Travel & Explore | October 27, 2021 |

How to Write a Scary Story: 5 Tips for Horror Writers

4 minute read
How to Write a Scary Story: 5 Tips for Horror Writers

Horror stories remain a popular genre, and for good reason. The best scary stories create a new, spookier world that readers can picture vividly, long after the book has been closed. Horror is personal, and our own fear is a useful tool in writing a scary story that lingers and haunts a reader. If you love to write, scare your readers with these tips designed to terrify and delight them from start to finish.

5 tips for effective horror writing

When you’re writing a scary story, you’ll want to be creative and innovative. But certain rules and plays on convention will help guide your creative choices and spook-ify your writing. These five elements of horror fiction will help you craft a truly terrifying tale.

1. Start with your own fears

The best type of horror writing is the kind you can already envision. If you’re afraid of the woods at night, you’ll be great at dreaming up all the things that could creep up and horrify someone lost alone in the forest. Start with what sparks fear in your own heart. To spark new ideas, try exploring your fear of strangers, fire, spiders, zombies, ghosts, or clowns. It’s okay to use unconventional fears too; although scary stories benefit from the intentional use of tropes (which we’ll talk about later), it’s also good to be specific. If you’re someone who is afraid of illness or always feels like you’re getting sick, use that as a theme. If you are afraid of being left out, what’s the horror story scenario where that idea gets to play itself out? What would that look and feel like? Have you ever heard a story and thought to yourself, “that’s my worst nightmare”? If you fear being abandoned, perhaps everyone on earth is an alien and you’re the only one left on the planet. Allow yourself to truly explore your fears and use those as a starting point for your narrative.

2. Set the stage

The specifics of the room, environment, or location are incredibly important to your story. Think about the last time you were truly afraid. What do you remember? It’s likely that everything felt incredibly vivid. You likely heard every creak, noticed every smell, and felt every breath. Setting the stage means describing the light in the room, the way the shadows fall, the sounds the readers should imagine, and the specifics that let them experience your fear. This step builds on the first one. Now that you’ve established the fear, you can build into it by setting the stage. Afraid of a spider nearby? Perhaps there’s a fuzzy feeling on your neck. Scared of tiny spaces? Maybe you need to describe the way the walls are closing in or the tightness all around you as you realize the elevator is stuck in the chute. Create an environment where fears can multiply, like an experiment in a petri dish that’s expertly formulated for growth.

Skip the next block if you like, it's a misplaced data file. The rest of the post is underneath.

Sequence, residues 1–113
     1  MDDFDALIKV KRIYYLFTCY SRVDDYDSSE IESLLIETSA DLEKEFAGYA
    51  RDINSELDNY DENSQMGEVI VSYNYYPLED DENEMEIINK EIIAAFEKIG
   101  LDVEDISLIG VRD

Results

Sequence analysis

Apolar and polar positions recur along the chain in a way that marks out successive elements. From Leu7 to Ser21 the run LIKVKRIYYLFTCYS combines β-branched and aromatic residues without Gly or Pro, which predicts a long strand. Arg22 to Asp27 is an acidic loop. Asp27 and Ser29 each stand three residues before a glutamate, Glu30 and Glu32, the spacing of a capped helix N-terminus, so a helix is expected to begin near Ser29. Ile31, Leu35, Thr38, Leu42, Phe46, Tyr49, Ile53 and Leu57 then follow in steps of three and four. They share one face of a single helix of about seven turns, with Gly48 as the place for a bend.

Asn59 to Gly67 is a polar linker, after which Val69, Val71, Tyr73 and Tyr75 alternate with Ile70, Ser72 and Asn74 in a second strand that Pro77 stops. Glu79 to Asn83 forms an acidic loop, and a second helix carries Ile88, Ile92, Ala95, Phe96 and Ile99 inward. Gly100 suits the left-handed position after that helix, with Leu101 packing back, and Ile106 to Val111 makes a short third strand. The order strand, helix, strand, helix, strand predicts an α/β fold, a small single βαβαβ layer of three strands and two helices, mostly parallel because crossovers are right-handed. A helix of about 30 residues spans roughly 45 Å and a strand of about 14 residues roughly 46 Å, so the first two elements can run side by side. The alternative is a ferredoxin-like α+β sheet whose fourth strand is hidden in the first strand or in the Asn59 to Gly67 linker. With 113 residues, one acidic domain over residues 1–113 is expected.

3. Create a sense of rhythm

Tension is an important part of horror, so when you’re writing something scary you’ll need to be aware of the pacing of your sentences. Longer, descriptive sentences might work well for setting the scene or describing the lonely hunting cabin set off on the edge of a mysterious property. But once the monster is nearby, the water is rising, or the hunting begins, pacing helps lead the reader to a place of uncertainty, panic, and concern. Again, remembering how you feel when you’re afraid is useful. When you are terrified, your breath is short and fast, and your pulse is racing. Any words you say while you’re threatened are likely fast and short, since all your energy is focused on scanning for risks or threats. Use short sentences and evocative words to work the pacing into a fearful fever pitch for your readers. The words should match the experience the reader is having.

4. Use tropes to your benefit

If your reader knows what’s coming, they won’t be afraid. So using an old model that’s been used a million times won’t likely be effective. Think about films you’ve seen that are truly scary. It’s likely that they used a common fear or cliché and subverted it as a surprise. This can be especially useful when building a sense of fear or panic as the pace builds. For example, we all know the horror scene in Psycho where a woman is showering and someone is approaching. When the stage is set for a similar scene and we hear the music of an approaching threat, we anticipate that she will be attacked in the shower. But what if the pacing builds up, the curtain is pulled back and….she’s already eating breakfast? Or is it only the dog telling her to hurry, because he’d like to eat his breakfast? If we build a sense of fear with an ominous knocking on the door of the lonely, forlorn cabin and… it’s just a package being delivered? Having false starts builds a sense of trust with your reader; when you start using a trope or common horror theme, they’ll think they know what’s going to happen. But as they notice you’re not using the tricks they know, they’ll start to get truly scared because they know they’re not sure what’s coming next.